Written by Eliane Schmid and Julian Schellong; read by Denise Hasler und Michèle Breu
Zurich’s Kreis 2 is home not only to the arboretum, the aviary, and the succulent collection, which entice visitors with so-called “exotic” plants and animals, but also to the magnificent Belvoir Park where banana trees and other tropical and subtropical plants grow. Its flora is reminiscent of the colonial entanglements of its initial owner, Heinrich Escher.
Heinrich Escher, father of the well-known Zurich-born Alfred Escher, built the estate in Belvoir Park in 1831, upon returning from trading trips to North and Central America. There, he had become a rich man through trading with colonial goods.
Heinrich Escher was born into a wealthy family, yet his father’s shady banking business diminished the family fortune. With the remainder of the family savings, he managed to finance his education in Paris, as was customary for members of the Zurich bourgeoisie. He traveled to America in his late twenties, where he succeeded as a merchant and speculator. Thanks to the lucrative trade with plantation products such as cotton, coffee, tobacco and rice, the family fortune could be restored. At the time, slavery still prevailed in large parts of North America, so it is very likely that these products were grown and processed by enslaved people.
While such colonial careers overseas were not typical for the Zurich bourgeois in the early 19th century, they were plausible. Friedrich Escher, Heinrich Escher’s brother, for example, traveled across the Atlantic as well. He ran a coffee plantation in Cuba, which relied on the labor of at least 82 enslaved people.
The Escher brothers were able to further replenish the family capital in Switzerland via the established colonial economic structures. This money was, among other investments, put into the construction of the magnificent Belvoir Park, encompassing a villa, a large park and a collection of plants from overseas such as the aforementioned banana trees. The first cacti in the succulent collection at Mythenquai came from Heinrich Escher’s private estate. In addition, Escher left behind a considerable collection of insects that he had gathered in Central America. When he died in 1853, he bequeathed his large collection of native and foreign insects to the entomological museum of the ETH Zurich. Today, the entire Belvoir Park property is owned by the city of Zurich.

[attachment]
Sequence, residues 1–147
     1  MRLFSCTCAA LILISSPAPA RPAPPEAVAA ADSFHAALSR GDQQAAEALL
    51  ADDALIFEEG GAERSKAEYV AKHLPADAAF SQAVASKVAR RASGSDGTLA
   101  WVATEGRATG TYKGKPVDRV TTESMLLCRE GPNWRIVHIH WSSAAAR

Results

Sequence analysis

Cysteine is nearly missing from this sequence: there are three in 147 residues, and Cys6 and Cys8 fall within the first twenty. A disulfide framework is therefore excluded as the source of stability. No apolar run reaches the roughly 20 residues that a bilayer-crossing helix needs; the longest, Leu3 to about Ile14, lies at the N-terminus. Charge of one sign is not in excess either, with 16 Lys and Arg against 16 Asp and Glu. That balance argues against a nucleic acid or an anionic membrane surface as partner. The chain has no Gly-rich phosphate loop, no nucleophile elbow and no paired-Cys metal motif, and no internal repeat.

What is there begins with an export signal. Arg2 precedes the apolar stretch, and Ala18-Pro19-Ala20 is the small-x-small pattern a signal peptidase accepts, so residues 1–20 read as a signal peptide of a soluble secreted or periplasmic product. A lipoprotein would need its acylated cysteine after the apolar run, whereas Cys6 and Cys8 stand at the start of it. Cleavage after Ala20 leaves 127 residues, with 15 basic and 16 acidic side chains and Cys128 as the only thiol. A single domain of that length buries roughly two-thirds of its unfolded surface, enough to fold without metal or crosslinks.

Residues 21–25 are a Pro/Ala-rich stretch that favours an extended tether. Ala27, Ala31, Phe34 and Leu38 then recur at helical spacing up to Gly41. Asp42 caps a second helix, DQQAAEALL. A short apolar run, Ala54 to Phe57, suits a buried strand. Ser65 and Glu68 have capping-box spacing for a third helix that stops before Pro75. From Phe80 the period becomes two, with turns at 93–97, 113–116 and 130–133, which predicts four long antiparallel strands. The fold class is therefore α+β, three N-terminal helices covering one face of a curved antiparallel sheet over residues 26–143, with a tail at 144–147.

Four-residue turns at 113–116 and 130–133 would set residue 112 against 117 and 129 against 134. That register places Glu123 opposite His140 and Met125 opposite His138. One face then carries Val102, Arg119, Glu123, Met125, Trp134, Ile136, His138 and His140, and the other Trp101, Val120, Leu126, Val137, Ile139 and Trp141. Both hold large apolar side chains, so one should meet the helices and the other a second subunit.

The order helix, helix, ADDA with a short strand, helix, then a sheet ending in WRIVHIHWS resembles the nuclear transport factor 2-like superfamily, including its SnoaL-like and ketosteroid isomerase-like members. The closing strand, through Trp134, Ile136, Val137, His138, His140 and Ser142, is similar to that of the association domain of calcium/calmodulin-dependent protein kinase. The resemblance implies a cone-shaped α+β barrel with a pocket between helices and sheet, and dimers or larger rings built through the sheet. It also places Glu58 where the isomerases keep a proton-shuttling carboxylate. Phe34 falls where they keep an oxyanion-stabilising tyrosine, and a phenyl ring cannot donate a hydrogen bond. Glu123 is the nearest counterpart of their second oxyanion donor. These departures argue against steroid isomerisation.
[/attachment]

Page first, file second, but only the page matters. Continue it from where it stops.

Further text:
Anyone walking through Belvoir Park or down Alfred-Escher-Street today will witness the colonial entanglements of Zurich’s upper class in the early 19th century. At that time, Zurich’s educated citizens were interested in all things “exotic”, and sometimes traveled to colonized areas where they were introduced to the lucrative global trade of colonial goods. This manifests itself, not least, in Belvoir Park, which bears witness to the wealth of Heinrich Escher.
Eliane Schmid received her Master’s degree in History and Philosophy of Knowledge (M.A.) at ETH Zurich in 2021. Previously, she studied History with a minor in English Literature at the University of Zurich. Her Bachelor thesis, “The Making of Hakone Gardens: Entangled History of American Elites and Japanese Gardeners, 1915-1932”, reveals the center of her interest: the role of gardens in the early 20th century. Her research focuses on global history, specifically in East Asia.
Julian Schellong studied History and Philosophy of Knowledge (M.A.) at ETH Zurich. He is particularly interested in the history of climate science in the 20th century and completed his studies with a technical-historical thesis on the weather observation network in Switzerland (“Wetteraufschreibesysteme 1864/1978. Automatisierung und Digitalisierung im meteorologischen Beobachtungsnetz der Schweiz“).
Zeuske, Michael (2019): Tod bei Artemisa. Friedrich Ludwig Escher, Atlantic Slavery und die Akkumulation von Schweizer Kapital ausserhalb der Schweiz, in: Schweizerische Zeitschrift für Geschichte 69 (1).
Brengard, Marcel; Schubert, Frank; Zürcher, Lukas (2020). Die Beteiligung der Stadt Zürich sowie der Zürcherinnen und Zürcher an Sklaverei und Sklavenhandel vom 17. bis ins 19. Jahrhundert: Bericht zu Handen des Präsidialdepartements der Stadt Zürich. Zürich: Universität Zürich, Historisches Seminar.